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THIS TITLE stands for Auto Club de l’Ouest Balance of Performance. The ACO is the sanctioning organization of the Le Mans 24-hour endurance race, taking place as I write this. (At the moment, the race is in its fifth hour, not quite 7 p.m. Central European Time; approaching 10 a.m. in my southern California.)
Balance of Performance is the ACO’s and other sanctioning bodies’ means of leveling the race circuit for production cars of varying capabilities. Generally, the adjustments involve power, weight and fuel capacity. In particular, the ACO has performed more than a bit of balancing directly before the 2016 Le Mans among the five marques in its Le Mans GTE-Pro class, Aston Martin, Chevrolet, Ferrari, Ford and Porsche.
As described at caranddriver.com, as recently as yesterday the ACO and the Fédération Internationale de l’Automobile gave LMGTE-Pro entrants their latest BoP adjustments for the race. These are based on performance at previous events as well as testing and qualifying earlier this month at Le Mans. There are perhaps other inscrutable BoP criteria.
It reminds me of the Le Mans Index of Performance 60 years ago; of which more anon.
This year, the Chevrolet Corvette C7.Rs and Porsche 911 RSRs were initially given BoP handicaps based on earlier prowess. Then Ford GTs dominated qualifying with Ferrari 488 GTEs not far behind. Porsches were mid-runners; the Chevrolet Corvettes were at the bottom of the list.
Corvette and Porsche teams complained that the ACO was rigging a Ferrari/Ford shootout as in days of yore. Others said the ‘Vettes were sandbagging in qualifying, figuring that the ACO can make BoP adjustments right up to race time.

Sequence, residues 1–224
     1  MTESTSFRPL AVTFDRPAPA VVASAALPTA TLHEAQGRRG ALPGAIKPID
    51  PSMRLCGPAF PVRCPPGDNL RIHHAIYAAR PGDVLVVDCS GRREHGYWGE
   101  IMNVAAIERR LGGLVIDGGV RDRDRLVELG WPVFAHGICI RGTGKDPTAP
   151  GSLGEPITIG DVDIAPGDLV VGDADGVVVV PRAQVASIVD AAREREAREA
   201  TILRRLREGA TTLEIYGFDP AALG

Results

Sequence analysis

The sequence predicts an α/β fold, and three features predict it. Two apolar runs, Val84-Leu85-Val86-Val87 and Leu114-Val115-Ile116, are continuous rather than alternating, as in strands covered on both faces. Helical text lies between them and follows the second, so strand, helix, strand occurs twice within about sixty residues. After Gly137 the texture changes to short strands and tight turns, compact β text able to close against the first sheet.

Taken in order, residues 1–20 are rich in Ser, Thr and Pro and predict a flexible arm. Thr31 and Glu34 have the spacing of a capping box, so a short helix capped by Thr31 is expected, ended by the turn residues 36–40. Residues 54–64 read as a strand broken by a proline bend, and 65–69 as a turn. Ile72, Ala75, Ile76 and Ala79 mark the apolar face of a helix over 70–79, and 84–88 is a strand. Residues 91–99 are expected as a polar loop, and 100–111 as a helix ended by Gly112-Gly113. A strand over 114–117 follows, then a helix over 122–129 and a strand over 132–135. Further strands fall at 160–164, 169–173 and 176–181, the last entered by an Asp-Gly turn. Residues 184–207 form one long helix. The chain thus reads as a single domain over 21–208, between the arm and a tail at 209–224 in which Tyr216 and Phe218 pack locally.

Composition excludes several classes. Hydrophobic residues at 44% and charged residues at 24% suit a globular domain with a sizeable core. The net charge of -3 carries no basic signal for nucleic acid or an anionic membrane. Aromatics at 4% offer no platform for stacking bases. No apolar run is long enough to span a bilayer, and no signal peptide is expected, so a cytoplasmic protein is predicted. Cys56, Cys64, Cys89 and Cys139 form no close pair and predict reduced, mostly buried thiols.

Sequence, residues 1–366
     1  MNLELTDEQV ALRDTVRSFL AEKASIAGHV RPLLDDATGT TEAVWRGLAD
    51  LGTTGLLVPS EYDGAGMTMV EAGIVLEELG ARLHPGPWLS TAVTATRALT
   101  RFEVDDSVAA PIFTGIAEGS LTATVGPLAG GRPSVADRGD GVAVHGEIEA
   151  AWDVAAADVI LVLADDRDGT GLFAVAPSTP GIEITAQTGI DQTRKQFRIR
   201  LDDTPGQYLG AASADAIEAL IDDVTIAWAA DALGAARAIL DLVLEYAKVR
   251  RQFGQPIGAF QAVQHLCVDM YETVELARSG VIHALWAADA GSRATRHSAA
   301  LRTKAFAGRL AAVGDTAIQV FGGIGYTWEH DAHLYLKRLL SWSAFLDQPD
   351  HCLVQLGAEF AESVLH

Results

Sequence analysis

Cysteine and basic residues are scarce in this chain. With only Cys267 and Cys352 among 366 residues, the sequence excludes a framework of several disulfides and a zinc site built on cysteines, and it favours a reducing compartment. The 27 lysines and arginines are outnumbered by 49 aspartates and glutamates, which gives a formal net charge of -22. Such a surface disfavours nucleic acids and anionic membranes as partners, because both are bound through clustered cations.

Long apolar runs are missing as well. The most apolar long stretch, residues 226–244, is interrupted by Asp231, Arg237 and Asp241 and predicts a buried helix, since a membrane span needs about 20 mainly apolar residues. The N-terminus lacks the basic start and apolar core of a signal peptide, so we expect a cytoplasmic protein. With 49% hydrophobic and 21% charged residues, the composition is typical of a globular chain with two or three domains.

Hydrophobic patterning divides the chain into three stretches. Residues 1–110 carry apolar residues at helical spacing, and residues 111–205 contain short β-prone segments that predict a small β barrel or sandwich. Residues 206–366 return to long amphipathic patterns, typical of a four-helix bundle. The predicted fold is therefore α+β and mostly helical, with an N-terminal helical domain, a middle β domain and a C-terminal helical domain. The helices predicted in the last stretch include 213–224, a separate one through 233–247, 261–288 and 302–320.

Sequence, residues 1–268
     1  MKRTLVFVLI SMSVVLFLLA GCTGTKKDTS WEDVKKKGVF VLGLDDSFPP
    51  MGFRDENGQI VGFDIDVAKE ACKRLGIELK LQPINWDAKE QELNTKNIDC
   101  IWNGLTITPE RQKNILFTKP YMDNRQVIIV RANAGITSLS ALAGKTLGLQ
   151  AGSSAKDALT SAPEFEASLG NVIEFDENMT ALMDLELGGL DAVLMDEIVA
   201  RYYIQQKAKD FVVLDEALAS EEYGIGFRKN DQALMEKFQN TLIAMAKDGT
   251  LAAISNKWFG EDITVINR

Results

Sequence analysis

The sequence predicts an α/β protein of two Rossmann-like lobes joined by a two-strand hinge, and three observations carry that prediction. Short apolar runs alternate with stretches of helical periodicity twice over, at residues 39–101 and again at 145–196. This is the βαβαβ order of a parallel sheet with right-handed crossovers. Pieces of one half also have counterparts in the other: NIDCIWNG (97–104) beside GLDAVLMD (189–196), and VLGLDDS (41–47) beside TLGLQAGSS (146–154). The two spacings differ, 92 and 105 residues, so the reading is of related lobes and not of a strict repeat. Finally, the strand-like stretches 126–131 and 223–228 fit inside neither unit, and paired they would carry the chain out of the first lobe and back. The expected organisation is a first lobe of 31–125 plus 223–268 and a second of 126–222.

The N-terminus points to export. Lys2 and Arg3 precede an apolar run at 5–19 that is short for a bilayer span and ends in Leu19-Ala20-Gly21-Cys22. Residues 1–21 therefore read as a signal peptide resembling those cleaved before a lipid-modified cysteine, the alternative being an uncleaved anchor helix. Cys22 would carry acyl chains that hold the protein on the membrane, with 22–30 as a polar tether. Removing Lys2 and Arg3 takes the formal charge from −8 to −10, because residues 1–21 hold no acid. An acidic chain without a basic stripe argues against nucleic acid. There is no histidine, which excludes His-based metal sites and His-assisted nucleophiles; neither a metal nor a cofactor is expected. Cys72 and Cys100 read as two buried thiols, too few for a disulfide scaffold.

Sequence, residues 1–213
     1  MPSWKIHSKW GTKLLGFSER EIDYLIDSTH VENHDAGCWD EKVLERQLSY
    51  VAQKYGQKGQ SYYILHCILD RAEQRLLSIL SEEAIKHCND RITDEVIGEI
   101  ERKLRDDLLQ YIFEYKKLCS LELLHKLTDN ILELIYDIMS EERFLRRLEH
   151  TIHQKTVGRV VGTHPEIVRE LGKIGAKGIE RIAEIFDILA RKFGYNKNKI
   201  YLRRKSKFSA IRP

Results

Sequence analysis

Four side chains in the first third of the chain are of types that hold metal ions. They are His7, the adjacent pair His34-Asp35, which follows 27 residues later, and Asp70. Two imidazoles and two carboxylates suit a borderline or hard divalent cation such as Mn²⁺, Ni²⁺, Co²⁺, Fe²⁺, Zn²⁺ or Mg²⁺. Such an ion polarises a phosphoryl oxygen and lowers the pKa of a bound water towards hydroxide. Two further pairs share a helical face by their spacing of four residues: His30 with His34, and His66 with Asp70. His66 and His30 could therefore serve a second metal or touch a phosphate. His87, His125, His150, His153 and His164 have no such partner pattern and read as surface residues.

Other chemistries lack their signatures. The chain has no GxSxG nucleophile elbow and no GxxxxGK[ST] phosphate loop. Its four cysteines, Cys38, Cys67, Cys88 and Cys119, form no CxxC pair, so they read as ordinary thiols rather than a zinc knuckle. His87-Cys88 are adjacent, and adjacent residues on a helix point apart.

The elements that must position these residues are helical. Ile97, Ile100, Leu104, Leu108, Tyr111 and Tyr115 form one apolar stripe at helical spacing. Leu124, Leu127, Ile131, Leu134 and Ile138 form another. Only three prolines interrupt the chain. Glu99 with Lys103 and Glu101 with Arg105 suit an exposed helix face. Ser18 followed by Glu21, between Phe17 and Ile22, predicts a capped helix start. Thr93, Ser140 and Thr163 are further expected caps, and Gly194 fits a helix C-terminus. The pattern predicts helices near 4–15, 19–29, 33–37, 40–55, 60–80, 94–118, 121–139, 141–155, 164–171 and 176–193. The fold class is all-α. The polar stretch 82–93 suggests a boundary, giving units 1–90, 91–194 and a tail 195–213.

The ACO assigned Ford and Ferrari modest weight increases on Friday, extra ballast of 22 and 33 lbs., respectively. It also reduced Ford’s turbo boost at certain revs, worth perhaps a percent or two of output. Conversely, the normally aspirated Aston Martins and ‘Vettes got increases in their intake restrictor sizes, measured in tenths of a millimeter, but still significant.
How well does all this work?
At 1 a.m. Le Mans time, the eight top runners in LMGTE-Pro are Ford, Ferrari, Ford, Aston Martin, Porsche, Ford, Aston Martin and Corvette, all within two laps of each other.
I’d say that’s pretty good leveling of La Sarthe. Though radio commentators raise BoP issues, it’s no more suspect than the old days of the Le Mans Index of Performance. The idea of the ACO IoP was to reward a car of any engine size for exceeding by the highest percentage a predetermined minimum distance for its class.
Back in the 1950s, my anglophile motorsports upbringing taught me that the ACO’s IoP was merely a way to make sure a French car, typically of smaller engine displacement, won something. And, indeed, prize money for an Index of Performance victory was comparable to that of the overall winner.
To see whether there was proof of this over the years, I researched Le Mans Index of Performance of the post-World War II period, from 1949 through 1971, the IoP’s last year. There are several gaps; and, for a time, there was another award, the Index of Thermal Efficiency based on an entirely different calculation.
Over the 21 years that the ACO IoP was awarded, 9 1/2 had a French car win, the half being a 0.6-liter Monopole tied with an Aston Martin in 1950. Typically these French minis placed well down among finishers.
By contrast, 9 of the 21 wins involved non-Gallic competitors placing within the first five overall. Indeed, four of them were outright winners.
Written at 6:00 a.m. Pacific: During the last half-hour of the race, the ACO showed the Black/Orange flag to the 2nd-place Ferrari in LMGTE-Pro. The reason: Its side-identification light, used by scorers, was improperly lit (something that other cars had done during the previous 23 hours and 30 minutes).
A travesty of inconsistency. Up until now, my last line of this piece was “I doff mon chapeau to the ACO.” I have deleted it.
At 6:06 a.m., the Ferrari is shown on the official ACO website as having placed 2nd in class. Confusion reigns.
This overshadows the leading Toyota LMP1-H’s heart-breaking failure in the last three minutes of the 24 hours. Talk about drama!
© Dennis Simanaitis, SimanaitisSays.com, 2016